A and B have 1 coin each.
They throw all of their coins and count the number of heads.
prob. of a tie must be ... 1/2
A and B have 2 coins each. (...)
prob. of a tie must be ... (smaller)
A and B have 3 coins each. (...)
prob. of a tie must be ... (even smaller)
(1) Is this value going down to zero ?
In article <2cfbb9cb-bf93-4455...@googlegroups.com>,
henh...@gmail.com <henh...@gmail.com> wrote:
A and B have 1 coin each.
They throw all of their coins and count the number of heads.
prob. of a tie must be ... 1/2
A and B have 2 coins each. (...)
prob. of a tie must be ... (smaller)
A and B have 3 coins each. (...)
prob. of a tie must be ... (even smaller)
(1) Is this value going down to zero ?
I am terrible at probability but here are my immediate thoughts...
In n flips, the probability of getting k heads is (nCk)/2^n, so the probability that they both get k heads is its square.
Summing over all k (which we can do as the events are disjoint) gives
[ (nC0)^2 + (nC1)^2 + ... + (nCn)^2 ] / 4^n
The sum in brackets here equals (2n)Cn.
(Proof? Use nCk = nC(n-k) and the sum is a convolution.)
One way to show that (2n)Cn / 4^n tends to 0 is via logs.
I can fill in the details and steps if needed, but since I've had no
replies to any of my posts to your questions, I'm unsure that they're
getting through. So let me know if you'd like steps.
On the other hand, maybe someone has a _nice_ answer. I'm rubbish at probability.
Gareth
I am terrible at probability but here are my immediate thoughts...
The sum in brackets here equals (2n)Cn.
I am terrible at probability but here are my immediate thoughts...waht are you good (better) at? do you write Limericks or Sonnets ?
i recently learned of the name [Hockey-stick identity]
In article <2cfbb9cb-bf93-4455...@googlegroups.com>,
henh...@gmail.com <henh...@gmail.com> wrote:
A and B have 1 coin each.
They throw all of their coins and count the number of heads.
prob. of a tie must be ... 1/2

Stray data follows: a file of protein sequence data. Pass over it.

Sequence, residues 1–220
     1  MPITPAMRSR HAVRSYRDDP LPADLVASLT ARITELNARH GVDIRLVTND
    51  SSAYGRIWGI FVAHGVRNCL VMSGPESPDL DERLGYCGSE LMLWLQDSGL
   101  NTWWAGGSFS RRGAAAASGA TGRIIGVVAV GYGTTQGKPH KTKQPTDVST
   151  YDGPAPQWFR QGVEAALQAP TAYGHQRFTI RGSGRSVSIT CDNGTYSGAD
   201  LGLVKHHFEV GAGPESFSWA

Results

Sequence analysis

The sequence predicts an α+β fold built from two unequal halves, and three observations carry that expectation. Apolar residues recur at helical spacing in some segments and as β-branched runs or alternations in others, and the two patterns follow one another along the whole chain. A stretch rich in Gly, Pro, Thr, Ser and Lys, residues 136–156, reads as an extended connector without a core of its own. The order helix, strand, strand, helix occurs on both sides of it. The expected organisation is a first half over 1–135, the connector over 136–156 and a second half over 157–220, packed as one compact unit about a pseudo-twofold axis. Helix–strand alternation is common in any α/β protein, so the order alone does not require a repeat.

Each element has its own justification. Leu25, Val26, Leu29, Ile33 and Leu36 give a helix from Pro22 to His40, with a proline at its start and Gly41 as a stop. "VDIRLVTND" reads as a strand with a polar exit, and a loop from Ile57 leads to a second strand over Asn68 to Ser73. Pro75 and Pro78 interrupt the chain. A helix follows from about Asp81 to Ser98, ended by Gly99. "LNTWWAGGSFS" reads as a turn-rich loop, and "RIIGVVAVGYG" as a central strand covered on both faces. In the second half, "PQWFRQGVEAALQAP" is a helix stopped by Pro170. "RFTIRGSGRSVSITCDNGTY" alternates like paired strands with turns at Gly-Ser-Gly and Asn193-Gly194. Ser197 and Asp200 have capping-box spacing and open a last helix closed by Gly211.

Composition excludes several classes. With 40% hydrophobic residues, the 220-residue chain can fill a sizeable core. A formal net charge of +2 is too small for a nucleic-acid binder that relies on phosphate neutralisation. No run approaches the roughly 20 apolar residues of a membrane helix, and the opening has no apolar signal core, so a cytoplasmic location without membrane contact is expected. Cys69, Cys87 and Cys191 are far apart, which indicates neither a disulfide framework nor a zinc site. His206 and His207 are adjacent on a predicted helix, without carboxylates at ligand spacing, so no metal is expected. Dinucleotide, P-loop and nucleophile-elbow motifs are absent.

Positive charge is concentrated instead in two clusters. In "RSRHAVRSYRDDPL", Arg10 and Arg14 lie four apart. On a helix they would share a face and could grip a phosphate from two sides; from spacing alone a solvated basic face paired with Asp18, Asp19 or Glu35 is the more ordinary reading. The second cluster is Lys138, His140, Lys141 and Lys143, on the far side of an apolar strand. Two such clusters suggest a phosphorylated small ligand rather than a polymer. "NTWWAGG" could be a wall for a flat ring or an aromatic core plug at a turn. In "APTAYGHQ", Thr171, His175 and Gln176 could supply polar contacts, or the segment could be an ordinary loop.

A and B have 2 coins each. (...)
prob. of a tie must be ... (smaller)
A and B have 3 coins each. (...)
prob. of a tie must be ... (even smaller)
(1) Is this value going down to zero ?I am terrible at probability but here are my immediate thoughts...
In n flips, the probability of getting k heads is (nCk)/2^n, so the probability that they both get k heads is its square.
Summing over all k (which we can do as the events are disjoint) gives
[ (nC0)^2 + (nC1)^2 + ... + (nCn)^2 ] / 4^n
The sum in brackets here equals (2n)Cn.
(Proof? Use nCk = nC(n-k) and the sum is a convolution.)
One way to show that (2n)Cn / 4^n tends to 0 is via logs.
( What's a probability value that (interestingly) Doesn't go to Zero
as N increases ? )
As Gareth Taylor said, the probability of both players getting the
same number of heads is (2n)Cn / 4^n.
But (2n)Cn / 4^n is *also* the probability of the two players getting
exactly n heads between them.
This is unsurprising as one is
nC0 . nC0 + nC1 . nC1 + ... + nCn . nCn
and the other is
nC0 . nCn + nC1 . nC(n-1) + ... + nCn . nC0
and nCk = nC(n-k)
Does anyone have a more intuitive explanation as to why these two probabilities are the same?
On 05/10/2022 00:35, Richard Tobin wrote:
As Gareth Taylor said, the probability of both players getting the
same number of heads is (2n)Cn / 4^n.
But (2n)Cn / 4^n is *also* the probability of the two players getting
exactly n heads between them.
This is unsurprising as one is
nC0 . nC0 + nC1 . nC1 + ... + nCn . nCn
and the other is
nC0 . nCn + nC1 . nC(n-1) + ... + nCn . nC0
and nCk = nC(n-k)
Does anyone have a more intuitive explanation as to why these two
probabilities are the same?
I'm not sure if this is any more intuitive...
If A and B both throw n coins and get a tie for heads, then by
reversing all of B's coins we would get a total of n heads between
them. And vice-versa. So if we look at the space of all 2n coin
tosses, there is a 1-1 correspondence [viz. through reversing B's
tosses] which associates each "equal heads" outcome to a "n heads
total" outcome and vice versa.
So the count of outcomes for each condition is the same, hence the probabilities are the same (dividing the common count by 2^(2n)).
Mike Terry <news.dead.p...@darjeeling.plus.com> writes:
On 05/10/2022 00:35, Richard Tobin wrote:
As Gareth Taylor said, the probability of both players getting the
same number of heads is (2n)Cn / 4^n.
But (2n)Cn / 4^n is *also* the probability of the two players getting
exactly n heads between them.
This is unsurprising as one is
nC0 . nC0 + nC1 . nC1 + ... + nCn . nCn
and the other is
nC0 . nCn + nC1 . nC(n-1) + ... + nCn . nC0
and nCk = nC(n-k)
Does anyone have a more intuitive explanation as to why these two
probabilities are the same?
I'm not sure if this is any more intuitive...
If A and B both throw n coins and get a tie for heads, then by
reversing all of B's coins we would get a total of n heads between
them. And vice-versa. So if we look at the space of all 2n coin
tosses, there is a 1-1 correspondence [viz. through reversing B's
tosses] which associates each "equal heads" outcome to a "n heads
total" outcome and vice versa.
So the count of outcomes for each condition is the same, hence the probabilities are the same (dividing the common count by 2^(2n)).
Perfect!
Phil
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